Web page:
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《自然》杂志载文谈物理学家泡利和心理学家荣格的友谊 精选

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《自然》杂志载文谈物理学家泡利和心理学家荣格的友谊

武夷山

 

2024年4月19日出版的《自然》杂志发表了英国伦敦大学学院科学史与科学哲学名誉教授Arthur I. Miller的一篇文章,How the unlikely friendship of Pauli and Jung led to the discovery of CPT symmetry(泡利和荣格之间难以置信的友谊何以导致了CPT对称的发现,博主注:CPT指电荷共轭、宇称和时间反演三种对称)。

这篇文章中我最感兴趣的是这样几句话:“人们往往认为,物理学的发展要么来自基于早期理论的推导,要么完全来自对数据的研究,或是由于灵光闪现。其实真相处于中间的某处,包含各种要素,如竞争、灵感及爱、恨、嫉妒等情感,还有梦境,如泡利的情况”。

我将这篇文章附在本文的最后。

我2019年写过一篇关于泡利与荣格的交往的文章,这里重贴一遍:

 

当泡利遇上荣格

 

武夷山

 

(发表于《科技日报》2019年4月26日)

 

    1945年,奥地利物理学家沃尔夫冈·泡利因为提出“泡利不相容原理”而获得诺贝尔物理学奖。在提出了互补性概念的丹麦物理学家尼尔斯·玻尔的影响下,泡利认为,实在既是物质性的客体,也是形而上学的(超物质性的)客体。而事实上,他的实在观的形成还同他与瑞士心理学家卡尔·荣格的交往密切相关。

    泡利与荣格不仅有着长期的交往与合作,他们之间的友谊与学术交流还催生了同时性(synchronicity)概念的问世,将科学世界与精神世界连接到了一起。

  20世纪30年代初,泡利在思考β衰变中能量不守恒的问题。他在1930年底一封写给著名物理学家莉泽·迈特纳的信件中提出,可以用一个当时尚未观测到的、电中性的、质量不大于质子质量1%的假想粒子来解释β衰变的连续光谱。1932年,意大利物理学家费米将此粒子定名为中微子。也是在这个阶段,泡利的生活经历了一些变故,他感受到了深深的痛苦与精神危机,陷入心理绝境的他向当时也住在瑞士苏黎世附近的荣格求助。

    一开始,荣格为泡利做了400多个梦的梦境分析,再后来,他俩的讨论延伸到双方都有兴趣的其他主题。两人持续交往了20年以上,直到泡利去世。两人共同致力于通过物理学和心理学的双重视角来探讨实在的性质。他们认为,原子和自我有很好的类比关系:原子由原子核和绕核旋转的电子组成,自我由处于中心地位的有意识自我和周围的无意识自我组成。

    最初将泡利吸引到荣格身边的,是荣格关于象征和原型的研究。“原型”是德国天文学家开普勒很喜欢的一个概念,他相信世界是上帝创造的,而上帝创造世界绝不会胡来,而是按照一定的“原型”来创造的。泡利也十分喜欢这个概念,他在多篇文章和演讲中谈到,开普勒的炼金术理念和原型理念对开普勒的科学体系有着重要的影响。泡利还发现,物理学中有许多东西与炼金术理念和原型理念有可类比性。他还认识到,量子力学的问世,使人们更有必要将实在的不同侧面加以调和。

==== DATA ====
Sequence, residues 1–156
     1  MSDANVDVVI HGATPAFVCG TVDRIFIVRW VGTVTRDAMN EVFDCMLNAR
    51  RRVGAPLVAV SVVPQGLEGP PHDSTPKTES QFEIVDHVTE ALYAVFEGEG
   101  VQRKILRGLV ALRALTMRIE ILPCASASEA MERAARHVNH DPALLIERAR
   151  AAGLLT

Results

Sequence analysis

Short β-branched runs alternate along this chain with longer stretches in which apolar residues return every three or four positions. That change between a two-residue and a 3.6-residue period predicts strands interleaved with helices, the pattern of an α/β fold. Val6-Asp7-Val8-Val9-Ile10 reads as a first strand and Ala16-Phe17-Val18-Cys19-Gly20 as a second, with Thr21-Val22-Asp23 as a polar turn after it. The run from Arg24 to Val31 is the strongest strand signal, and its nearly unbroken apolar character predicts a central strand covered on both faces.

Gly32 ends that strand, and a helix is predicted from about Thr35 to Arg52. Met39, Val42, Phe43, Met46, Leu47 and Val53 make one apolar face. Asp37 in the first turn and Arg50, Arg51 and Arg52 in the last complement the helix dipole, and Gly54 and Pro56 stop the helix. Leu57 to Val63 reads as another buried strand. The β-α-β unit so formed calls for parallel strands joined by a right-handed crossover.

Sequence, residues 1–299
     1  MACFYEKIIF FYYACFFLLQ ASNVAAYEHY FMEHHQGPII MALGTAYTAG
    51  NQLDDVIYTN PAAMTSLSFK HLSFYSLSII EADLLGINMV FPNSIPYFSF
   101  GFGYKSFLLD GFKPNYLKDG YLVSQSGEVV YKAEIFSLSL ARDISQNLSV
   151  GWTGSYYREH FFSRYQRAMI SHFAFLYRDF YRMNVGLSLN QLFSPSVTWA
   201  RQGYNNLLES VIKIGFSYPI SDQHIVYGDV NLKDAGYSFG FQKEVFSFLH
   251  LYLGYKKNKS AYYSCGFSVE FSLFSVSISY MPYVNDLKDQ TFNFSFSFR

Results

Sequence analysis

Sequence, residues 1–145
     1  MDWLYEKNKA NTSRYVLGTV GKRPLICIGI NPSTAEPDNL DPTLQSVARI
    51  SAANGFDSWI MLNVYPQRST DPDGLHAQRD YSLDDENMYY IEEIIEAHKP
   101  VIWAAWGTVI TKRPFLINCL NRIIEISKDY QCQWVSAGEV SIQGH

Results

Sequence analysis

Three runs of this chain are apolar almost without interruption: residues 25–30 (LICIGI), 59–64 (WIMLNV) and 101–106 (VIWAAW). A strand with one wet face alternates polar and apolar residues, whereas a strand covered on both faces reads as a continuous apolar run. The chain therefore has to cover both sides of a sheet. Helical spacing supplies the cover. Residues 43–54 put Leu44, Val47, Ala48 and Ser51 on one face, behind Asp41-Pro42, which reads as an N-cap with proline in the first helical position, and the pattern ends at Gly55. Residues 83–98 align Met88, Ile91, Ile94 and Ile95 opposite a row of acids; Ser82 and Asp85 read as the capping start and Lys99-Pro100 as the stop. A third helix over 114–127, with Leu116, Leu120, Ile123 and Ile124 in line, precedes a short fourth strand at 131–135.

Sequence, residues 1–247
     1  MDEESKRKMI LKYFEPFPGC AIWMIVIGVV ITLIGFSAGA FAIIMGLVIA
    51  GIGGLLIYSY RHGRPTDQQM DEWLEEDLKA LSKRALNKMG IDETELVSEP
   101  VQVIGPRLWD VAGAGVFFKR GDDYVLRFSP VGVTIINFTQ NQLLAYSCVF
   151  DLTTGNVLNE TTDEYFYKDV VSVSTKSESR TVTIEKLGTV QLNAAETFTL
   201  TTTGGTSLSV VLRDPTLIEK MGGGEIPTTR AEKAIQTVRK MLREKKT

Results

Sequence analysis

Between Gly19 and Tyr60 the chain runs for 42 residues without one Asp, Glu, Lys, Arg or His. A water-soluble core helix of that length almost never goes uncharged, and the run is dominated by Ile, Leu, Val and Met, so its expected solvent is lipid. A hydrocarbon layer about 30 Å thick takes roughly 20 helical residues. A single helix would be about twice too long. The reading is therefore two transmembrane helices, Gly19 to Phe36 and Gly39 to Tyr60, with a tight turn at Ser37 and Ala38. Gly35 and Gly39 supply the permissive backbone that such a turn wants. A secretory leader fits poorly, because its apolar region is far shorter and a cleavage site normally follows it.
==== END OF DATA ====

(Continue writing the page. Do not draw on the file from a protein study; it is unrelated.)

受荣格的影响,泡利也很关心意义。荣格的全部工作都基于一个基本信念:“人无法忍受无意义的生活”。不过,泡利在这方面的表述非常谨慎,他说,虽然粒子物理学允许非因果形态的(注:在荣格心理学中,“非因果的”与“同时性的”是同义词,指意义上具有关联,而不是因果关联)观察,但对于“意义”这个概念毫无用处——也就是说,意义并非实在之基本功能,而只是人类观察者所施加的解释。

    荣格长泡利25岁,泡利事实上是他最优秀的学生之一。不过,泡利与荣格交往不久,就从科学角度对荣格理论的认识论侧面提出了批评,荣格接受了批评,进一步理清了自己的思路,尤其是明晰了“同时性”的概念。他们讨论学术问题的相关信件被收入一本题为《原子与原型:泡利/荣格往来书信选,1932—1958》的书,美国普林斯顿大学出版社2014年出版了该书的更新版。荣格对泡利的梦的分析也成为一本书的部分内容,该书的题目是《心理学与炼金术》,是荣格作品集的第12卷,1968年由普林斯顿大学出版社出版。

 

 Arthur I. Miller,How the unlikely friendship of Pauli and Jung led to the discovery of CPT symmetry

 

In 1931, the psychoanalyst Carl Jung took on an unusual patient, the brilliant young physicist, Wolfgang Pauli. Arthur I. Miller tells the story of their friendship, how they impacted each other’s work, and reflects on creativity.

“It was as if the wind had blown in from the lunatic asylum,” wrote Carl